Melt butter in a medium pot over medium heat. Cook onion and garlic, stirring constantly, until translucent about 3 minutes.

Add tomatoes and their juices and the chicken stock. Season with salt and pepper and bring to a boil, then reduce heat and simmer about 10 minutes.

Working in batches, transfer tomato mixture to blender (put a towel over the lid) and puree until smooth.

Return soup to a clean pot and set over low heat. Whisk in cream and heat through.  I tasted it at this point and added some more salt and pepper, along with a dash of ground thyme. It needed more salt than I expected, but the cream probably had something to do with that.

If you have some leftover and you want to reheat it, do NOT do it in a microwave. This will break the cream and it will be really gross. Heat gently over low or medium low.

I made a grilled cheese sandwich to go with this and it was fantastic!!

Cheater Pulled Pork, by sharon

October 15, 2009

You know what? One might think that as much as I love barbecue, my living in Texas would make me a really happy, satisfied person. But it doesn’t.  I just don’t like Texas barbecue that much. It’s too smoky, too dependant on beef and brisket and . . . well it’s not my cup of tea (or bottle of sauce, as it were).  And speaking of sauce, I don’t like Texas sauce.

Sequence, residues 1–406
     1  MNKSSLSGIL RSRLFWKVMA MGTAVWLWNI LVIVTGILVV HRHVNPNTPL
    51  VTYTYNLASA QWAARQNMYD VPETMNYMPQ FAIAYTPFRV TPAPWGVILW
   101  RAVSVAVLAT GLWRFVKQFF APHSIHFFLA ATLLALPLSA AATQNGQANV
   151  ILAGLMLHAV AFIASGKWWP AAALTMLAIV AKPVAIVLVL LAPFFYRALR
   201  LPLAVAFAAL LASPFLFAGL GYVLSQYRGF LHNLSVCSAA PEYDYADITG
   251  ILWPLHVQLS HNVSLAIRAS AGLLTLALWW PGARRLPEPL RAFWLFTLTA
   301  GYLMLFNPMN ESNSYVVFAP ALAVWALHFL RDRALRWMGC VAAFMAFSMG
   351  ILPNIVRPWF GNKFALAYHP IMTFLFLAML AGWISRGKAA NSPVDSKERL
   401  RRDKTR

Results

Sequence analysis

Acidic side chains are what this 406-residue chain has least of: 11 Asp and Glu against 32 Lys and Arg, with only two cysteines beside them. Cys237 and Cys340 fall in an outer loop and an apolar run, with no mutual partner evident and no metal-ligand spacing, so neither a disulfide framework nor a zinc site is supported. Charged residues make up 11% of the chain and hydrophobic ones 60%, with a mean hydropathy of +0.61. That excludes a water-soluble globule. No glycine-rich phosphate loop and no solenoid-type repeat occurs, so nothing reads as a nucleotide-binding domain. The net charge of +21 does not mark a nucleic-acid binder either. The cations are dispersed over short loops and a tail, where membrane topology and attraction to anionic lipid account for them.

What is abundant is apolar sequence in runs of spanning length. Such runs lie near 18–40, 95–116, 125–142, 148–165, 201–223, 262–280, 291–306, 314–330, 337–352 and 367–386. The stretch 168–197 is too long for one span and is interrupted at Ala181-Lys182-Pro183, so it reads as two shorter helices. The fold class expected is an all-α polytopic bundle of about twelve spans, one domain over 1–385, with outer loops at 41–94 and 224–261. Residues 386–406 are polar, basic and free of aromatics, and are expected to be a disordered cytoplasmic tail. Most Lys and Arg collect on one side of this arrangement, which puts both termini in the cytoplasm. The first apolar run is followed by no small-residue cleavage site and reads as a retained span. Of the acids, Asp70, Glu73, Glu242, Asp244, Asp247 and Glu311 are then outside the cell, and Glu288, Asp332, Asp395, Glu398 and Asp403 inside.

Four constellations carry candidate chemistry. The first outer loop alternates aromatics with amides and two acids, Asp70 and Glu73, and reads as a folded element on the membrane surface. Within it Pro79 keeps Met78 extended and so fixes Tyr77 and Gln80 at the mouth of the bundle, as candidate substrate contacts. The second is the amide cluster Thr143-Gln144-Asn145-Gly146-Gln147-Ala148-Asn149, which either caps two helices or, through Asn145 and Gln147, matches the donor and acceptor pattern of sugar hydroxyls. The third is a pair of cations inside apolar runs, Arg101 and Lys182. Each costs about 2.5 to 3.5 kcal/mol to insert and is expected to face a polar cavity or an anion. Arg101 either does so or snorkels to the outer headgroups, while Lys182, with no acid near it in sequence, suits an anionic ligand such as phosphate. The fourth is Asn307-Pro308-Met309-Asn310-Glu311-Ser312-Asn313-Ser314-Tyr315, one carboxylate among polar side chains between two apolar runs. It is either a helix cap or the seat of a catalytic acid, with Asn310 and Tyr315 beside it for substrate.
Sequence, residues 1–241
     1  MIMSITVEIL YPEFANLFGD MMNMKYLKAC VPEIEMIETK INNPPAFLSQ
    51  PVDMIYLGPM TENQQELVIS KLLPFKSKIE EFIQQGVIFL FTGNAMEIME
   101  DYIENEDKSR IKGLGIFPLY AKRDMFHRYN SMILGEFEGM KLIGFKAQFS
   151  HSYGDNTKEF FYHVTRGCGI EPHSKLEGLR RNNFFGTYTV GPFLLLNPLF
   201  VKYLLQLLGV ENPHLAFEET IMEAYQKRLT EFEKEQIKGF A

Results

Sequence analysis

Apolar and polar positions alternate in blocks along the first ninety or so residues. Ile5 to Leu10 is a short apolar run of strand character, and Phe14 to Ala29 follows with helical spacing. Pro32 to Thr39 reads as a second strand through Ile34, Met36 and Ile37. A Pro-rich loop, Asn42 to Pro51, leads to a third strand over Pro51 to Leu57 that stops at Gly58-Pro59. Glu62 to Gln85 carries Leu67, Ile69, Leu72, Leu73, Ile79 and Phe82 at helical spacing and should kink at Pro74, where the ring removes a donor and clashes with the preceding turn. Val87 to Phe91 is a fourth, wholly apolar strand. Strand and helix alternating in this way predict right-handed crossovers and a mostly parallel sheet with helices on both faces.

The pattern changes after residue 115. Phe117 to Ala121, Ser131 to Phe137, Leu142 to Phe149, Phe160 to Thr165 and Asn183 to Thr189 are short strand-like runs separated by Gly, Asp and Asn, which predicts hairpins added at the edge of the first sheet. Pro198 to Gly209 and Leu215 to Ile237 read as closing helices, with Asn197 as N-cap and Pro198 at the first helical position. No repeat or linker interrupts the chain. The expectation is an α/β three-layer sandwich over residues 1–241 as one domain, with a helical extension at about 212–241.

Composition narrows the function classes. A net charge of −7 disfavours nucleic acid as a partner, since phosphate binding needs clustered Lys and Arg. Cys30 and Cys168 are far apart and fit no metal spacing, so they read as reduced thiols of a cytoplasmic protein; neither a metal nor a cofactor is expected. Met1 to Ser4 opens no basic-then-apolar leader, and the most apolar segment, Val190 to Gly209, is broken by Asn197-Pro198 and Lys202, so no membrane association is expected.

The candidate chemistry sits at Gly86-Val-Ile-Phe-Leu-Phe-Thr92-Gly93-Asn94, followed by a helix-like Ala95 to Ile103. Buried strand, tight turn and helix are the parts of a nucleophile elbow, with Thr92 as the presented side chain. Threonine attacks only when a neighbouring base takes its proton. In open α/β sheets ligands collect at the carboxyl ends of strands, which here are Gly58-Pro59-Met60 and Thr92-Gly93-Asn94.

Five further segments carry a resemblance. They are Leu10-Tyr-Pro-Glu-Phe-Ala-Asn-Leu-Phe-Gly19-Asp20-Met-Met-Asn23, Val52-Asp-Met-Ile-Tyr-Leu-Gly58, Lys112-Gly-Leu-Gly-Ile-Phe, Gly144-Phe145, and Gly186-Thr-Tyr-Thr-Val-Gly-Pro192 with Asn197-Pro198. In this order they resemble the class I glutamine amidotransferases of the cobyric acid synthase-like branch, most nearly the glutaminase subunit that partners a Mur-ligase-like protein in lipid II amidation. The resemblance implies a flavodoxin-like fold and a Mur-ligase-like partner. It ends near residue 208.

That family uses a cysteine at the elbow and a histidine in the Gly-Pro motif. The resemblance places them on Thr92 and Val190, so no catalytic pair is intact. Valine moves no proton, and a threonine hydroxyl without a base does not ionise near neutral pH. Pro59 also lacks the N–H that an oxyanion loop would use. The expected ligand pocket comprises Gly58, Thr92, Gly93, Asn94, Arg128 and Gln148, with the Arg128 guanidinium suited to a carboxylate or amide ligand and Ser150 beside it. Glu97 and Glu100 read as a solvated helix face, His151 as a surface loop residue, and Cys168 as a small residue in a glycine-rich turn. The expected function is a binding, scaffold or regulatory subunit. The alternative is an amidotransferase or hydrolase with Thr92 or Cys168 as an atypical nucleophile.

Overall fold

Which I suppose means that I prefer Georgia or Carolina barbecue.  Maybe. What I like is my dad’s barbecue and I don’t have a clue what regional affiliation he might be going for. He’s from Florida, there’s just no telling.

Anyway, the purpose of this is to say that even though I live where I live, I don’t get to eat the kind of barbecue I like. And what I really like, more than anything, is pulled pork. And that is reallly hard to find in super beef-eating Texas.

So it seems obvious that I should make it myself. However, I don’t have a grill and the smoker I was given is sitting at Molly’s house because my porch is way too tiny for something like that. What’s a girl to do?

The answer? CHEAT like it’s going out of style and use a Crock Pot.

I looked around online for how to do it and found a few different answers. But the basic answer seemed to be to rub the meat with some spices, let it sit for 2-3 days in the fridge, put it in the Crock Pot for 10 hours, shred, eat. Well, okay. I can do that.

I called my dad for a few pointers. After he was done laughing at me for trying to do something like this without wood chips and/or a fire, he told me two very important things: